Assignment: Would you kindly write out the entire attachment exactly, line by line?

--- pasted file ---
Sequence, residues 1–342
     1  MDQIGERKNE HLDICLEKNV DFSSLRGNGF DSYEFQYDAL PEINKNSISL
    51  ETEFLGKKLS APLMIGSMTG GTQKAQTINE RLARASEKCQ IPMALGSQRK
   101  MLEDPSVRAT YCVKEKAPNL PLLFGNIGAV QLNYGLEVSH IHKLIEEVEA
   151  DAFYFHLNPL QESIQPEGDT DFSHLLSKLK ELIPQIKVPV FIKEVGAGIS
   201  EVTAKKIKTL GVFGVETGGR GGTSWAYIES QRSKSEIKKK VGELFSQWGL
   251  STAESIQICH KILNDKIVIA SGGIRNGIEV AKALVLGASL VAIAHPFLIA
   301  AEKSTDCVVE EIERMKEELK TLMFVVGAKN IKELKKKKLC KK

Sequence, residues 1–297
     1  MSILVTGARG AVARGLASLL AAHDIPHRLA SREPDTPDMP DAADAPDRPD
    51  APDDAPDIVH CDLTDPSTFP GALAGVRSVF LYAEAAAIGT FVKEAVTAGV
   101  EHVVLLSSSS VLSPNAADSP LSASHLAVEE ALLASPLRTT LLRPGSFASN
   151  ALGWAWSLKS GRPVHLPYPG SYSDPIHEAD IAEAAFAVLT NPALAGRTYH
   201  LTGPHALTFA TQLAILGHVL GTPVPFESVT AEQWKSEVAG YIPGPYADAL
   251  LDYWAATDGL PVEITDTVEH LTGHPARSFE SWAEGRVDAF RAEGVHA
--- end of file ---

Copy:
Sequence, residues 1–342
     1  MDQIGERKNE HLDICLEKNV DFSSLRGNGF DSYEFQYDAL PEINKNSISL
    51  ETEFLGKKLS APLMIGSMTG GTQKAQTINE RLARASEKCQ IPMALGSQRK
   101  MLEDPSVRAT YCVKEKAPNL PLLFGNIGAV QLNYGLEVSH IHKLIEEVEA
   151  DAFYFHLNPL QESIQPEGDT DFSHLLSKLK ELIPQIKVPV FIKEVGAGIS
   201  EVTAKKIKTL GVFGVETGGR GGTSWAYIES QRSKSEIKKK VGELFSQWGL
   251  STAESIQICH KILNDKIVIA SGGIRNGIEV AKALVLGASL VAIAHPFLIA
   301  AEKSTDCVVE EIERMKEELK TLMFVVGAKN IKELKKKKLC KK

Sequence, residues 1–297
     1  MSILVTGARG AVARGLASLL AAHDIPHRLA SREPDTPDMP DAADAPDRPD
    51  APDDAPDIVH CDLTDPSTFP GALAGVRSVF LYAEAAAIGT FVKEAVTAGV
   101  EHVVLLSSSS VLSPNAADSP LSASHLAVEE ALLASPLRTT LLRPGSFASN
   151  ALGWAWSLKS GRPVHLPYPG SYSDPIHEAD IAEAAFAVLT NPALAGRTYH
   201  LTGPHALTFA TQLAILGHVL GTPVPFESVT AEQWKSEVAG YIPGPYADAL
   251  LDYWAATDGL PVEITDTVEH LTGHPARSFE SWAEGRVDAF RAEGVHA